IN THE CENTRE of Tashkent in a great square stands a resplendent and recent stature of Emir Temur, Tamberlaine to you and I. It is one of three great statues round the country erected for a recent anniversary. For Tamburlaine is the symbol the Uzbek government wishes to promote as the great national hero of the country. And if one identifies President Islam Karimov a little with the great man then all well and good.
Yet, like many national symbols, all is not what it seems. Tamburlaine was in fact from a Turkish tribe. He aimed to restore a Mongol Empire. His dynasty, the Timurids, were in fact ousted by the very same Uzbeks who now proclaim him from the rooftops. Not only that but they attempted to extirpate his memory. So that he is now the symbol of that very nation is doubly ironic and one of the many oddities in which Central Asia abounds. As I flew back I complacently thought such bizarrerie could not happen here.
But at that of course is to underestimate the strange looking glass world of Scottish politics. I arrive back to find the headlines dominated by the SNPs agonies over NATO.
Here we have a party which for years (and to is credit whether or not you agree with it) has cleaved repeatedly to an anti nuclear and anti NATO position. It has been absolutely consistent. It is a policy that represents a clear and distinctive line. From what polls there have been Scotland is strongly anti nuclear. It was therefore a popular policy, a clear differentiation from the UK government, a statement that the days of pretending to be a big power were over. In other words if it aint broke don’t fix it.
Yet the leadership of the party chose to burn its credibility by driving through a policy anathema to most of its membership. Even although many members have given up going to SNP conference, sickened by the thought police, the vote was still remarkably close. So what is the end result? A disillusioned membership increasingly wondering what the point of independence is, two resignations of respected MSPs, dreadful press coverage amply salted by the astonishing admission, re legal advice on Europe, and the effective ditching of a vote-winning anti nuclear policy. In other words an entirely preventable car crash.
So how does a party renowned for its media savvy get here? What does it say?
Firstly, that the processes by which policy is made and thrashed out in the SNP have collapsed. Policy is made on the hoof, without discussion, and not ‘tested’. Gay marriage, Europe and now NATO, all indicate that basic democratic process are not followed and that a small group of people are simply allowed to come up with wizard wheezes. Indeed the opposition to these are now seen as confirmation as to why due process and testing should not be followed. In this case the policy change was simply press released by Angus Robertson.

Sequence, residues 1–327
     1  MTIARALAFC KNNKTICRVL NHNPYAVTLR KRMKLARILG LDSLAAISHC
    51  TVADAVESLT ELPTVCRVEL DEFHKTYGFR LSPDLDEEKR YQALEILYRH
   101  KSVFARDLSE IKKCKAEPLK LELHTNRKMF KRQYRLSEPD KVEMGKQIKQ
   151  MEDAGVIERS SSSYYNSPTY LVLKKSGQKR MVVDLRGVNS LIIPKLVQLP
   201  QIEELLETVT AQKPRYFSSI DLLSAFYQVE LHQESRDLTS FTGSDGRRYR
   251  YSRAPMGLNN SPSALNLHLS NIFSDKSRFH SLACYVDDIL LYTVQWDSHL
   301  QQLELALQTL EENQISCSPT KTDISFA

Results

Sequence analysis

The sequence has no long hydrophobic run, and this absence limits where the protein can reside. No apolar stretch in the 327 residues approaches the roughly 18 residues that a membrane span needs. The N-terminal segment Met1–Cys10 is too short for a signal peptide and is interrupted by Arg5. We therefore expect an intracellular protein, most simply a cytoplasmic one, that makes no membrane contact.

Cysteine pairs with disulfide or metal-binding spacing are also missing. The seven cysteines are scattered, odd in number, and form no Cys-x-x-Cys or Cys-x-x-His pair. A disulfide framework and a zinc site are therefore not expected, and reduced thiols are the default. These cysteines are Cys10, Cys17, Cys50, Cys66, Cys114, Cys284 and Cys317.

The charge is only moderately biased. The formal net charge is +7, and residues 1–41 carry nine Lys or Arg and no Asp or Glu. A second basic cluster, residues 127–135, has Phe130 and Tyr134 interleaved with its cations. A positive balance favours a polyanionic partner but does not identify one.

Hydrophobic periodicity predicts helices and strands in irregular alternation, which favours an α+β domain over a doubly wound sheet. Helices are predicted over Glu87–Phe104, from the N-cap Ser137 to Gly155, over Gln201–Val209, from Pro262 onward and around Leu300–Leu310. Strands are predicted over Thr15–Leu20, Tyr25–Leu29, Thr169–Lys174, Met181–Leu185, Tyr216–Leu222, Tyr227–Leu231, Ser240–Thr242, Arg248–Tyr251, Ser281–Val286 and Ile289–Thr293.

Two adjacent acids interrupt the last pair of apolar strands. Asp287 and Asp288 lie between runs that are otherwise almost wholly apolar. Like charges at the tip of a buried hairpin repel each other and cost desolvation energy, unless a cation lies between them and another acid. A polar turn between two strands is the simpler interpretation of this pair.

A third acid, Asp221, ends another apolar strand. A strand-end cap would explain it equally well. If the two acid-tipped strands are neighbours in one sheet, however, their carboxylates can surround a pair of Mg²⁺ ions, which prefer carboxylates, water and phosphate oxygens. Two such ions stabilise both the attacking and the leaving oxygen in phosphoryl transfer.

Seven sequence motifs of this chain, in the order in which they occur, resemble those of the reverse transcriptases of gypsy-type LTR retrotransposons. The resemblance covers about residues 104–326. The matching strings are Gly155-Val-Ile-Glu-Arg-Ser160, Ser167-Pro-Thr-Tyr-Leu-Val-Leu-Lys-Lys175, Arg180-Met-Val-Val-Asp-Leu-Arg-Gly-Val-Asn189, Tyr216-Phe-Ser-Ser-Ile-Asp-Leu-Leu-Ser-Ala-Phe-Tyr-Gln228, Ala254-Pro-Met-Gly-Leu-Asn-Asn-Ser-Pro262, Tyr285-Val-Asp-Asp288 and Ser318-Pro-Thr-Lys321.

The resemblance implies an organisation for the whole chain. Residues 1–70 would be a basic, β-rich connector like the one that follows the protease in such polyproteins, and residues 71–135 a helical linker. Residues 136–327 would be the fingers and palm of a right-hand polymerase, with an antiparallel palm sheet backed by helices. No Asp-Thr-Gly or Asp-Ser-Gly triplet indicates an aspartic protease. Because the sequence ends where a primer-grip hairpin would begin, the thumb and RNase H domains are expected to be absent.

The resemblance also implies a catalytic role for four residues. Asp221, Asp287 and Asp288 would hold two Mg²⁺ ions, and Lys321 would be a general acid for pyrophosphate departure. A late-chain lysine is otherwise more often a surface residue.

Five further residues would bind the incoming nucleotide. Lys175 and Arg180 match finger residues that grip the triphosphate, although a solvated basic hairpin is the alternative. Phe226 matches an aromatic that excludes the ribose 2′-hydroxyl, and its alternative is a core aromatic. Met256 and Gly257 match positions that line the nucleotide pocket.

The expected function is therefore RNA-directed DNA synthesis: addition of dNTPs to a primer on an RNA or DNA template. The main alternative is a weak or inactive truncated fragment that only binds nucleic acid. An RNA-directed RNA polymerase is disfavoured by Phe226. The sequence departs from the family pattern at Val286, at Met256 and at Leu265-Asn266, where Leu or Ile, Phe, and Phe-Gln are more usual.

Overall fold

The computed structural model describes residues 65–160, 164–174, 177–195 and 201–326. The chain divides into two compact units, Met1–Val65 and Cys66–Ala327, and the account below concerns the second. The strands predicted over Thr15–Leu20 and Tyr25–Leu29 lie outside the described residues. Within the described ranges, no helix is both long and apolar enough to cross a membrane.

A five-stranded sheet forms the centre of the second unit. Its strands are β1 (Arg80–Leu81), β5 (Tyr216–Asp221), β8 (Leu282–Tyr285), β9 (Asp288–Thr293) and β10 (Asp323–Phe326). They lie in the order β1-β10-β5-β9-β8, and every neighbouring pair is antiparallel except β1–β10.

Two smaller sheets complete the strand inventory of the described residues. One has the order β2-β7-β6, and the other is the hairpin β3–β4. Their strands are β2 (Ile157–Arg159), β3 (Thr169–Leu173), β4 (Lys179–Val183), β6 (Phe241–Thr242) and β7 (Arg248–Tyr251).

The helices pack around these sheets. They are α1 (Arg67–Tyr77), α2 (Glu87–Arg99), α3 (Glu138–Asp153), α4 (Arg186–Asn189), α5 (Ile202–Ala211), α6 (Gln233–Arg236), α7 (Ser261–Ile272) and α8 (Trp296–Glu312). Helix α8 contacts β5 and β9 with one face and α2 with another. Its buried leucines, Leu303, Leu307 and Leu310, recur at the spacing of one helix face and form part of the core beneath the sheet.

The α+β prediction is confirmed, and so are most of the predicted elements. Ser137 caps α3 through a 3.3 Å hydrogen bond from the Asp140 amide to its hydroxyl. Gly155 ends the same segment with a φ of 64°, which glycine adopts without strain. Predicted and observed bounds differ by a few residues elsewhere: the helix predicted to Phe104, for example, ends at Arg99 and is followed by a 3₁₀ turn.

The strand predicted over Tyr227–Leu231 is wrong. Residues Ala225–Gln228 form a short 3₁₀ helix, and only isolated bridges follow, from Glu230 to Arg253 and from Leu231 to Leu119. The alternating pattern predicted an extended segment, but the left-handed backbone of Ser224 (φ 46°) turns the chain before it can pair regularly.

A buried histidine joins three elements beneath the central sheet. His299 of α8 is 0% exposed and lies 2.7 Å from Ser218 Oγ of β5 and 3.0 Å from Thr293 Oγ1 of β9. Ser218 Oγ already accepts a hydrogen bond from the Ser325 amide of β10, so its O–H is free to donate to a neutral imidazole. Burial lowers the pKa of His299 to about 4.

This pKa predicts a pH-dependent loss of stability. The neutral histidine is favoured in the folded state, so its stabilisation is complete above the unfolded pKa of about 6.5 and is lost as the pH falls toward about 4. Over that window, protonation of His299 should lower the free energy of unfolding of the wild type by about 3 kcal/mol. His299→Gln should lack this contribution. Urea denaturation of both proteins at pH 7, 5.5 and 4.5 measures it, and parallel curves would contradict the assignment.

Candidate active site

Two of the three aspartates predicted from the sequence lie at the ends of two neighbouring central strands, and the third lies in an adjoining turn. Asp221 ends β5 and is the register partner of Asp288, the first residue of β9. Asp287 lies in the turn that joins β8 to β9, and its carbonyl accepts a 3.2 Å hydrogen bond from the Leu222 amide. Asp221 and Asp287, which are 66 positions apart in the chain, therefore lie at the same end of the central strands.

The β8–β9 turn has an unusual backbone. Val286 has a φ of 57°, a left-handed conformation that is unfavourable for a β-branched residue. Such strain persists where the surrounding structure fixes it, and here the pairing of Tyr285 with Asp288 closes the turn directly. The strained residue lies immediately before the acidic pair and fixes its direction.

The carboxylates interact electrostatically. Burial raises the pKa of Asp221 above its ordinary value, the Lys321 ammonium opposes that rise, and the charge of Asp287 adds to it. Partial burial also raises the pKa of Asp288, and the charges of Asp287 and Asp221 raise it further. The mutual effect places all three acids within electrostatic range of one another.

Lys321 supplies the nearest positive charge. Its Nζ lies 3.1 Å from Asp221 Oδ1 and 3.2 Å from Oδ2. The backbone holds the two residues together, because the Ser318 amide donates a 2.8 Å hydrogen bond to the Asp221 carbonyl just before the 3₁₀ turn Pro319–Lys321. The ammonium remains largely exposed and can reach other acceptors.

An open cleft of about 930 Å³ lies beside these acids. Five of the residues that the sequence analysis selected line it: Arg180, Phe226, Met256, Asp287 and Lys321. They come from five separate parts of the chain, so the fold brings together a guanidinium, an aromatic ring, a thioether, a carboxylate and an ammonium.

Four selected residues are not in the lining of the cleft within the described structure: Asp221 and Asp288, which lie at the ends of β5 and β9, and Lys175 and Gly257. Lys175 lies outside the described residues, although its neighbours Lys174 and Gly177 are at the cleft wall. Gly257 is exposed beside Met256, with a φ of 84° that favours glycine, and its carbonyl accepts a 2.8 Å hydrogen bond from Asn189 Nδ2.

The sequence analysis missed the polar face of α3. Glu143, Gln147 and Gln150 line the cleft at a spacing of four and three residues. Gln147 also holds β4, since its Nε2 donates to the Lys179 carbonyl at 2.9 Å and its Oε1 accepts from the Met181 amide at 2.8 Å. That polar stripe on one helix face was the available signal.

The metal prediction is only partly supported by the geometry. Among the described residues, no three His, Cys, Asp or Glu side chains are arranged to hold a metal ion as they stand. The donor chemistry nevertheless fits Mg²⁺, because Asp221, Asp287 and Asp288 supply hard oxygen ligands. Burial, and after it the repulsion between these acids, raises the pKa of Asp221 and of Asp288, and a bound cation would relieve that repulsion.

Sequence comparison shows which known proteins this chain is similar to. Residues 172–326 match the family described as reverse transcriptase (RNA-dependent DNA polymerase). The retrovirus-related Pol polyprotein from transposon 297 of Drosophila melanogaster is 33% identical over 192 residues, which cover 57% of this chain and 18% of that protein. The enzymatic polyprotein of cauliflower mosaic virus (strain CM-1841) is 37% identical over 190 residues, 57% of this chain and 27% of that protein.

Secondly, it indicates a leadership grouping increasingly out of touch. Anyone in the loop would have seen the sheer pointlessness of these fights.
Thirdly, it indicates an increasing paranoia and defensiveness about your activists. It is one of the most curious things about elected politicians that the longer they are in power the more they seem to despise those who put them there. From Thatcher to Blair the process is the same and we are now seeing it with the SNP. It is a process with one end.
Fourthly, once the process starts it is ongoing, the first few pebbles turn into an avalanche. A laager mentality which is self reinforcing develops and is confirmed with each further stage in the disintegration.
And fifthly, and most importantly, perhaps it reveals the absolute poverty of core belief at the heart of the SNP. Angus believed the policy wouldn’t play. He takes a central plank of the party he is a member of and casually discards it in a press release. This sort of fight is often played as a sign of strength, it is in fact a sign of deep insecurity and weakness. And it is something more than that. It is a sign of how unprepared the SNP are for independence, how little thinking has been done on even the most basic of issues.
The instinct is always to close down, to hide, to conceal, to tack rather than deal. And yet this is the biggest decision that this country faces where the party that is forcing that decision is absolutely terrified of open discussion of the consequences of that which it claims to want.
Note in no way am I judging the rights or wrongs of the policy or its change, all I am trying to do is tease out the psychology of what it says. And here is the greatest paradox. Overwhelmingly it says that the party that claims to want independence is psychologically already defeated on why. After these intellectual somersaults then the Uzbek hero who never was merely becomes a walk in the park.